My Life as a Rescue Dog, Ch. 5

by Clondike Kintsfather

Other Rescue dogs write one article (or get their people to write it) and they're done. I don't understand why Penny keeps bugging me to write one every year. I know I'm a "working dog," but I never thought that would mean being chained to a word processor!

Oh, well. It HAS been a pretty eventful year in my life as a dog. Shortly after the last Rescue issue came out that nice Ms. Jane Gill organized a really fun workshop on something called Agility. Eleven of us Penn-Dutch Pyrs and our people got to climb the A-frame, run along an elevated plank and zoom through tunnels. The people seemed amazed that my folks were using my favorite food, brussels sprouts, for bait to encourage me along. With a little help from Conrad Gill, we all did pretty well on the obstacles and had a really fun day.

The biggest event in my life this year was an opportunity to go to something called a National Specialty. Wow! I can see why show dogs like this annual convention/party so much. Being new to this world of dog shows, I got a little frustrated the first night trying to mark over every other dog's messages in the exercise area. I don't think there was enough water in Frederick to make that possible!

The first day the people held something called the "Canine Good Citizenship" test. This involved ambling around from person to person, being adored and refraining from eating any of your fellow Pyrs. I played along and the people seemed to think this was something really wonderful! They are so funny sometimes!

For the rest of the show I mostly hung out at ringside and schmoozed with the crowd. A number of people who had seen my photos on Penny's web page stopped by to visit and it was great fun.

To be honest, the whole show thing seems kind of silly from my Pyrspective. A bunch of us beautiful Pyrs run around in a circle and then the human called "the judge" picks some of them according to something called a "standard." As has been pointed out to me in past fun matches, eating your competition is frowned upon, so basically there's not much for the Pyr to do except look beautiful. Since we can all do that, I don't understand what the humans make such a fuss about.

The highlight of a National Specialty for the Pyrs is the Pyrenean Ball, always held at a secret location in the show hotel while the people are off at their awards banquet. The National Capital Area Pyrs put on quite an exceptional event and I had a great time. My escort was Barney Huggard, a young gentlePyr from Florida, whom I had met earlier in the week. He was a gracious host and showed me around his motor home after the dance. The folks started calling him my "Barney Babe," but I thought it was just a summer romance (click here for photos).

I was really surprised when Barney came to Pennsylvania in September to show me his new motorhome and re-new our friendship (click here for photos). He's a real sweetie! We still correspond and compare notes on our humans. One of the advantages of being a Rescue Pyr is that your folks are much more accepting of your social life. If I were a show bitch, they'd want to see the OFA rating of every dog I went out with, and I don't even want to think about what they'd say about my little Aussie buddie!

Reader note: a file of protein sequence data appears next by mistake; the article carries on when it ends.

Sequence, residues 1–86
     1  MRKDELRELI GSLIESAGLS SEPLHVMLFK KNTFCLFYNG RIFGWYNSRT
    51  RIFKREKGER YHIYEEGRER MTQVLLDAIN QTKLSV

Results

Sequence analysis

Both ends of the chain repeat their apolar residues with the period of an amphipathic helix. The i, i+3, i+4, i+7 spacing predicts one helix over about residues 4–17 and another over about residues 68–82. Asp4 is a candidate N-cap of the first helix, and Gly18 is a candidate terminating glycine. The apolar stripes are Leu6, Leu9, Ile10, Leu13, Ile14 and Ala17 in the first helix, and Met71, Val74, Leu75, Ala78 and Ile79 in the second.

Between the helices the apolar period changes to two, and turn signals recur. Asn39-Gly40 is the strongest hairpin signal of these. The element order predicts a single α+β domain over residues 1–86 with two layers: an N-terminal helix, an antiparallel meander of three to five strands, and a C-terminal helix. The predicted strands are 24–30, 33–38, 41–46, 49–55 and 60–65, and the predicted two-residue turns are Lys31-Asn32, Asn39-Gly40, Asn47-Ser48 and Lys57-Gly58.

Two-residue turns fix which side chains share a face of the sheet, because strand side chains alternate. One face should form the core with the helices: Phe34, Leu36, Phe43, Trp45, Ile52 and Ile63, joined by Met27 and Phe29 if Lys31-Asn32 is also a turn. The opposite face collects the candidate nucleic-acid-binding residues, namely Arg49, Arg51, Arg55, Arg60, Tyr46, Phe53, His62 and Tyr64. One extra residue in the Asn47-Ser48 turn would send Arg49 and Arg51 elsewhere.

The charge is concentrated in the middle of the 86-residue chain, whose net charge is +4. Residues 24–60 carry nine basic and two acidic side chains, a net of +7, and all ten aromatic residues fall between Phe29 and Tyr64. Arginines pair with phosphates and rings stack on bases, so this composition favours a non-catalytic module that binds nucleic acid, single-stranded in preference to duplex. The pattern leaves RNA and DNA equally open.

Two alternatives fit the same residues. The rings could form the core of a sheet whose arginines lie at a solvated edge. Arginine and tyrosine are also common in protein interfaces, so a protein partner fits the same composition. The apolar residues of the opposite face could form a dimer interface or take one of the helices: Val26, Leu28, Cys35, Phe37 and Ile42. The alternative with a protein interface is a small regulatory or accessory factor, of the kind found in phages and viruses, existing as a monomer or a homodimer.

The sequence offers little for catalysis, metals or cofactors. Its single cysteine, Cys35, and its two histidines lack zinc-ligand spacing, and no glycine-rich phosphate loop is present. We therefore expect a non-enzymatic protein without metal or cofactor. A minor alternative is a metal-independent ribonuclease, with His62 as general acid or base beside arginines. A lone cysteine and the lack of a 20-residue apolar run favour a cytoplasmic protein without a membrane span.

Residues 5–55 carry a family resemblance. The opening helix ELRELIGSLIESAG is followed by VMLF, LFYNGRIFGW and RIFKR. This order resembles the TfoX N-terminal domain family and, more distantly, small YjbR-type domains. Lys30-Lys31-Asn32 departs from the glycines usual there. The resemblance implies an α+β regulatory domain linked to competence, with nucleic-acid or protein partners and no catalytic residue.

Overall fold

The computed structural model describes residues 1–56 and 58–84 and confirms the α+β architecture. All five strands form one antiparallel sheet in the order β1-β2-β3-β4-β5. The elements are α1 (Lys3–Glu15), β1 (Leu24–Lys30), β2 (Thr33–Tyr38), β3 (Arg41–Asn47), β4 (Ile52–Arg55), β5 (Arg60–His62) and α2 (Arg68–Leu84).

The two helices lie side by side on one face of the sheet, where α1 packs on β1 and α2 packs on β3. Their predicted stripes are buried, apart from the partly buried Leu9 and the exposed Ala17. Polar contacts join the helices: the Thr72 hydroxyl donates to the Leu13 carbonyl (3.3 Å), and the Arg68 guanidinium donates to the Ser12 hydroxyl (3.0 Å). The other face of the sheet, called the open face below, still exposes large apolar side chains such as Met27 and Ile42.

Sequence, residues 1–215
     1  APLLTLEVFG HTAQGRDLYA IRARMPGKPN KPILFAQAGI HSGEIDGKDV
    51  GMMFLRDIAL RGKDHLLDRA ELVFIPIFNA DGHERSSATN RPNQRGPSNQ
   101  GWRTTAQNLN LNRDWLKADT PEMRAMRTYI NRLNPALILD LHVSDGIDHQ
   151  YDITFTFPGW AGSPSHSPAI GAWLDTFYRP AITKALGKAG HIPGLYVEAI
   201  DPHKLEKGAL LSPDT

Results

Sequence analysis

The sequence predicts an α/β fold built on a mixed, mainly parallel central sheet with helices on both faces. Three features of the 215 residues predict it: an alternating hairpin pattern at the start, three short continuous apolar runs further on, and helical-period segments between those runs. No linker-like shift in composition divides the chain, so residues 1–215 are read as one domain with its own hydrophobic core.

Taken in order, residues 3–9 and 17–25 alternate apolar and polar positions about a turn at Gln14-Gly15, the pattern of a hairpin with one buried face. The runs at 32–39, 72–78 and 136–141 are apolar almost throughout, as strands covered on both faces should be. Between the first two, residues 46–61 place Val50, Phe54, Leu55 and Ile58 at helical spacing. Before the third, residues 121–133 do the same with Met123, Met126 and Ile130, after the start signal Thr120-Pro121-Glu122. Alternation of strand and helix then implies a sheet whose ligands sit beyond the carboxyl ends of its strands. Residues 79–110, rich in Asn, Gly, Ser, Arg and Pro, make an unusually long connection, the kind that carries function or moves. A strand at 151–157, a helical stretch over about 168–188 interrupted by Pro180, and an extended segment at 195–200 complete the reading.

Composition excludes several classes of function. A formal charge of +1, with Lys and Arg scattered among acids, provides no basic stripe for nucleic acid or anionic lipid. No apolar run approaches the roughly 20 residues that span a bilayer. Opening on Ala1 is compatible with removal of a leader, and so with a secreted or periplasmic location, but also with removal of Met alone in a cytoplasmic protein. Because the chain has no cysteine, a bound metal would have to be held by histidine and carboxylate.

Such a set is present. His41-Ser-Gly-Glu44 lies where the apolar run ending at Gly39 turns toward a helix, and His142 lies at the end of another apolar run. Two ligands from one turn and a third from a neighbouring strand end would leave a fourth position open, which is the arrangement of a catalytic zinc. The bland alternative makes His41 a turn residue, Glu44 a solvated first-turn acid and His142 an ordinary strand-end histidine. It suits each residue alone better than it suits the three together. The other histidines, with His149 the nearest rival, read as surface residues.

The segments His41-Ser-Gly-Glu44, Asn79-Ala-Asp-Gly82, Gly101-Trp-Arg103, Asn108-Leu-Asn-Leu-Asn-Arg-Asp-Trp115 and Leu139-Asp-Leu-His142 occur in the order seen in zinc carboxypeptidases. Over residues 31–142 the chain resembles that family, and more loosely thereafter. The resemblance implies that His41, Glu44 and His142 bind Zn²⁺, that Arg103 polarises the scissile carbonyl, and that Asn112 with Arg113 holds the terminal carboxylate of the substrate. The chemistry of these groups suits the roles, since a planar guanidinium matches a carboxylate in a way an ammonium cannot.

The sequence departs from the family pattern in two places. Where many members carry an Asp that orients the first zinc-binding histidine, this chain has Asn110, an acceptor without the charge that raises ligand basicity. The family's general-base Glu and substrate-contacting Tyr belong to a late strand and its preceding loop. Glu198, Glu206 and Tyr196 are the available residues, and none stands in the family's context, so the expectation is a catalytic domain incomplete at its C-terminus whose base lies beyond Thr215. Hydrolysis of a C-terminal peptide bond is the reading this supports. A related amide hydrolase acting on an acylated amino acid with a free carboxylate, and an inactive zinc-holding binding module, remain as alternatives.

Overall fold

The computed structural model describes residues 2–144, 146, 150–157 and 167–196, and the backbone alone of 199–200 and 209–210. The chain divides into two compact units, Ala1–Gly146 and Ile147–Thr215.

Jumping backwards to July, we had the Pyrenean Fun Day with lots of Fiendishly Clever Canine Games. Klondike Setlock and yours truly anchored "Team Cklondike" and kicked Pyrenean butt (click here for photos)!! Now here is a competition that's actually fun for the Pyrs, as we get to see the humans make fools of themselves!

The end of September brought a return of the Penn-Dutch Fun Match, an event that hasn't been held in a couple of years, possibly because no one wanted to take a chance on me taking a bite out of their precious Pyr. I'm afraid I DID growl at that pushy B.B. Bowes once when she got in "my space" a couple of years ago, but I'm really not a monster and I behaved like a perfect lady this year.

Show Chair, Dianne Migas, created a highly suspect class for spayed/neutered veterans and probably warned everyone in Penn-Dutch not to enter. In any case, I won a handsome silver tray (to be a permanent Spay/Neuter trophy) and a bag of frozen brussels sprouts for being best (and ONLY) spayed veteran. Wasn't the judge surprised by the brussels sprouts?!

Barbara Bowes had loaned Dad a show lead and I hadn't spent 3 days watching show Pyrs in Frederick for nothing. We really seemed to do well, and managed to win over the very handsome Frank Woodward for best spayed/neutered veteran. Frank was very nice about it, and we shared some dog treats after the show. For some reason none of the other Pyrs would share my brussels sprouts, however. Strange!

A couple of weeks ago my Dad took me to a huge building with lots of people in chairs on wheels. We accompanied a collie and a small beagle mix as a "therapy dog team." I'm not sure what the point of all this was, but we met lots of people who seemed to be really glad to see us and we got lots of petting and treats. I think I could get into this therapy dog thing.

Well, that about wraps up an eventful year in my life as a dog. By the time you read this I will be 10, which the folks seem to think is getting on. I've managed to stay pretty healthy this year and I can still run rings around the folks, so I'm enjoying my status as veteran bitch.

I hope to see lots of Penn-Dutch Pyrs and their people at the Holiday party in December and the Canine Learning Experience in January. As you enjoy the holiday season, please remember to support Rescue. It's a really valuable resource for Pyrs in need.

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